Avengers: Endgame Introduces The MCU’s First Openly Gay Character

Avengers Endgame

Minor spoilers to follow.

Representation is becoming an increasingly prominent issue in regards to the output of Marvel Studios, with President Kevin Feige and his team continuing to take various measures to offer more diversity in the Marvel Cinematic Universe, both in front of and behind the camera.

The recent Captain Marvel, for instance, was a major step forward in these ongoing changes, as it was the first female solo superhero outing for the franchise, as well the first to be directed by a woman. And while the MCU drew criticism from GLAAD last year for its lack of openly LGBTQ characters, Avengers: Endgame has now gone some way to fixing things.

You see, though the Infinity War sequel doesn’t have any gay heroes – at least, not any openly gay heroes – it does have an openly gay character. And the MCU’s first, no less.

Granted, it’s hardly a very big role, but in one scene, we see co-director Joe Russo playing “an average guy who’s part of a support group of people trying to move on from the Decimation.” And as he talks about his struggles, he mentions losing his male partner. It’s a quick, blink-and-you’ll-miss-it moment, but this is still the Marvel Cinematic Universe’s first openly gay character.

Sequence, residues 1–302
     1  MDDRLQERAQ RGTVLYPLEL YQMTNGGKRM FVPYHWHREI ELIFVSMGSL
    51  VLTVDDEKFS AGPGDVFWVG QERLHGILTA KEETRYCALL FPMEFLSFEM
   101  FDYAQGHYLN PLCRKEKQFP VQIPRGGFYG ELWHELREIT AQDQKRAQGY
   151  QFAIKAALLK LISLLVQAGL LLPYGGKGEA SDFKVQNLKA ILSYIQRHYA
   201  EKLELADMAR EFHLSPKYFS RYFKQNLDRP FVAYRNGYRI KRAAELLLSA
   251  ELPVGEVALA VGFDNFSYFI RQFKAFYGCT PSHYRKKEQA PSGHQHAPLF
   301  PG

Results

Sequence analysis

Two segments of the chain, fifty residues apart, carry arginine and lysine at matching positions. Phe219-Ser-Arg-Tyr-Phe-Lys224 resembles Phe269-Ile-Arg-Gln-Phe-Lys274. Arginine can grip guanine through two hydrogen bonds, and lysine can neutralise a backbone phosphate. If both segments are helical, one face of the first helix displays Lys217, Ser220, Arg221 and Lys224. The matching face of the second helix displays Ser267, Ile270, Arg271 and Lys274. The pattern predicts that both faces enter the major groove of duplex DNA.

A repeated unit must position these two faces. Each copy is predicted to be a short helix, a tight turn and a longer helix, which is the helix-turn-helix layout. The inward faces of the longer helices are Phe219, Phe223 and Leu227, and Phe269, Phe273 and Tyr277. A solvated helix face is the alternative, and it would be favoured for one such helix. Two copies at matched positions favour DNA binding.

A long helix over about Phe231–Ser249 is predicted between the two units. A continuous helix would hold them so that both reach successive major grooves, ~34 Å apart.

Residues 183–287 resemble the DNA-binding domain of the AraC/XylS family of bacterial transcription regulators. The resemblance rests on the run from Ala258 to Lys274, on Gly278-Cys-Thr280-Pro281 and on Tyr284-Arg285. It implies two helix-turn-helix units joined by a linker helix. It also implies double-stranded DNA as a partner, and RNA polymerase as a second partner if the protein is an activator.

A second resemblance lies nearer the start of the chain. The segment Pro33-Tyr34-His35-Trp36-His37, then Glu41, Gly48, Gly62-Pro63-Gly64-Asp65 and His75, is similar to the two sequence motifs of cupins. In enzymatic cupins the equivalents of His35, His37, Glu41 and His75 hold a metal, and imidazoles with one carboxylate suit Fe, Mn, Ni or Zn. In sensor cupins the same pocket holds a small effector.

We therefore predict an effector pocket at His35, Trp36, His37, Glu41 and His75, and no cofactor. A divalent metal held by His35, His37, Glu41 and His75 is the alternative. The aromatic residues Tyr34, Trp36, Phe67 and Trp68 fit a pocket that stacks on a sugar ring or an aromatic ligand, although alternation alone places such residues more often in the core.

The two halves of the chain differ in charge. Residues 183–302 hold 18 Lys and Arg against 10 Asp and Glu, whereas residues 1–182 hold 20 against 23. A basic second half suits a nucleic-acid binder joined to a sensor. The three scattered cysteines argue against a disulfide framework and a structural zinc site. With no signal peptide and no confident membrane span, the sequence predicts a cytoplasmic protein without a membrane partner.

Speaking about the part to Deadline, here’s what Joe had to say:

“Representation is really important. It was important to us as we did four of these films, we wanted a gay character somewhere in them. We felt it was important that one of us play him, to ensure the integrity and show it is so important to the filmmakers that one of us is representing that. It is a perfect time, because one of the things that is compelling about the Marvel Universe moving forward is its focus on diversity.”

Co-director Anthony Russo chimed in about the scene as well, explaining:

“The fact that the character is gay will get attention but it isn’t where the scene started,” he said. “When you have a story point that includes killing half of all humans on Earth, you’re telling a bigger story than The Avengers. So that scene was important to us in telling the story of the larger world.

We wanted to have a voice that was talking about the experience of people that went beyond The Avengers. That’s why we felt we really needed it in the movie. Otherwise, it just became too hermetic and insular. That character that Joe is playing really came from that point of view, him being an everyman who has suffered from Thanos’ act.”

Though it may be a small step forward, this all comes as part of a broader commitment from Marvel to improve representation in their films and we’re already seeing signs of more diversity coming down the pipeline, with planned projects like Black Panther 2 and a Shang-Chi movie. But before those films make it to theaters, you can catch the MCU’s first openly gay character in Avengers: Endgame, which finally arrives tomorrow.